would be dispelled; plans settled. I would enjoy a

comfortable status quo.

Now, firmly in my thirties, I realise there is no cruise

control in the adventure of life. Life is not just about the

destination, as glorious as eternity with the Lord will be.

John Bunyan so aptly described in Pilgrim’s Progress that

‘life is a journey.’

Truly some hurdles have been overcome along the way.

Many questions have been answered. A number of victories

have been won. However, new challenges and lessons are

always around the corner.

Sanctification is an on-going process that

cannot be rushed (especially as some of the

deepest spiritual growth can occur in seasons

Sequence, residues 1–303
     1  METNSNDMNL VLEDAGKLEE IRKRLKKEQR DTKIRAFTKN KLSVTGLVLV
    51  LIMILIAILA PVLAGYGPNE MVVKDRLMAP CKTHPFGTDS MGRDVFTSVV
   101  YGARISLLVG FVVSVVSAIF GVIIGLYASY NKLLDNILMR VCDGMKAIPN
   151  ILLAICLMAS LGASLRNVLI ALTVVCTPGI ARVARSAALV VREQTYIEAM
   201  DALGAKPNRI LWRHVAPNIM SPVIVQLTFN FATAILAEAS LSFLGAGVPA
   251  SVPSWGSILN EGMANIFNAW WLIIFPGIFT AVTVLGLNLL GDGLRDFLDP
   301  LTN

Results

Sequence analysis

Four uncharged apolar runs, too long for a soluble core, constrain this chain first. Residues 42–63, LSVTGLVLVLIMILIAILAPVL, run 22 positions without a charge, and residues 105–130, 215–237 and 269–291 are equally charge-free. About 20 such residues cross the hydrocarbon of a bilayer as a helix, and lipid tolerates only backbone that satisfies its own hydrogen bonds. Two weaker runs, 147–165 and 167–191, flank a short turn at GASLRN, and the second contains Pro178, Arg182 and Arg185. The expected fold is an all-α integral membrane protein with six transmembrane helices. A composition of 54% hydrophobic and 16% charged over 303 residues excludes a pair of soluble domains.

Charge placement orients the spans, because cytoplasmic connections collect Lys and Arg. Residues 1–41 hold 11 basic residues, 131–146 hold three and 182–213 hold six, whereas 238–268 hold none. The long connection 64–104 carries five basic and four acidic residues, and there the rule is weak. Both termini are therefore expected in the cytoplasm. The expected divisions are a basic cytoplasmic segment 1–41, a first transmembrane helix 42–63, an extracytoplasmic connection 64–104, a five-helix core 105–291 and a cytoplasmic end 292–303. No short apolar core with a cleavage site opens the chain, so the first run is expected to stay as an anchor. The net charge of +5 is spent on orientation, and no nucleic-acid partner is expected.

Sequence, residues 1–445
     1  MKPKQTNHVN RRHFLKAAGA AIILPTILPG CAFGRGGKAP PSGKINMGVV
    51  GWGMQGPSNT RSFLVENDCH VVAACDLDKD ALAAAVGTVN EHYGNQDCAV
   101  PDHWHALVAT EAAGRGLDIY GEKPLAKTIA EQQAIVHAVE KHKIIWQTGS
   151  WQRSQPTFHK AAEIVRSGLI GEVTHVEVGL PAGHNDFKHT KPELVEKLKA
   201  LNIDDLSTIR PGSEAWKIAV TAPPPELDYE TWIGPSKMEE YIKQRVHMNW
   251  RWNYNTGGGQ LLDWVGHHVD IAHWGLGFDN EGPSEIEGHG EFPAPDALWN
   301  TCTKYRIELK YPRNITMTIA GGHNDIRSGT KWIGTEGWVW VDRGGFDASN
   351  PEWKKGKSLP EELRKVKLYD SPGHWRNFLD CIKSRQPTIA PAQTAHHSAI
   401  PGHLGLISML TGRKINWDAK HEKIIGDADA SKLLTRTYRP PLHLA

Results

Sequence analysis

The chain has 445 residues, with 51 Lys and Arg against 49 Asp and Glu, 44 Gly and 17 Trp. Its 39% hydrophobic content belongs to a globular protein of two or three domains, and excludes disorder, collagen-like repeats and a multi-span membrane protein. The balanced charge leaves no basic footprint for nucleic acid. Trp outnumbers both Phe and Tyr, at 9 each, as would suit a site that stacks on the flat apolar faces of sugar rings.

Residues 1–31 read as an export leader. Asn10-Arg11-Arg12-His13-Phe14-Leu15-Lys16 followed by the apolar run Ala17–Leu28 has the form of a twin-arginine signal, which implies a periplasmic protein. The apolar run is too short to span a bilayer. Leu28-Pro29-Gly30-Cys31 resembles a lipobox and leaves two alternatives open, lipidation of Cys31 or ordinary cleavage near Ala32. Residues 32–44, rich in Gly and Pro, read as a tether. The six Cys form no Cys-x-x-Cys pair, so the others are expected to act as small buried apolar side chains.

of waiting). Our relationship with God has

a constant, daily, dynamic, on-going nature.

God is constantly wanting to reveal himself

more, to sanctify us more, and to draw us into

deeper trust and intimacy.

This adventure with God entails daily

choices to position ourselves ‘in step’ with his

Holy Spirit: “Blessed is the man whose strength

is in you, whose heart is set on pilgrimage”

(Psalm 84:5).

The Hebrew word for walk, הָ‏ לַ‏ ‏ְך ‘Halak’ is

a general term for walking or going. It can

have the connotation of regularly walking

in companionship and relationship with another person or

a way of life. Other words in this same family of Hebrew

words on the topic of movement include:

‏’‏Mahalak‏‘מַ‏ meaning journey and הֲלְָך

Law. ‘halakah,’ the term used for the Jewish Oral הֲלָכָה

This offers interpretations of the Torah for the daily ‘walk’

of Jewish life, encapsulated in the Jewish literature of the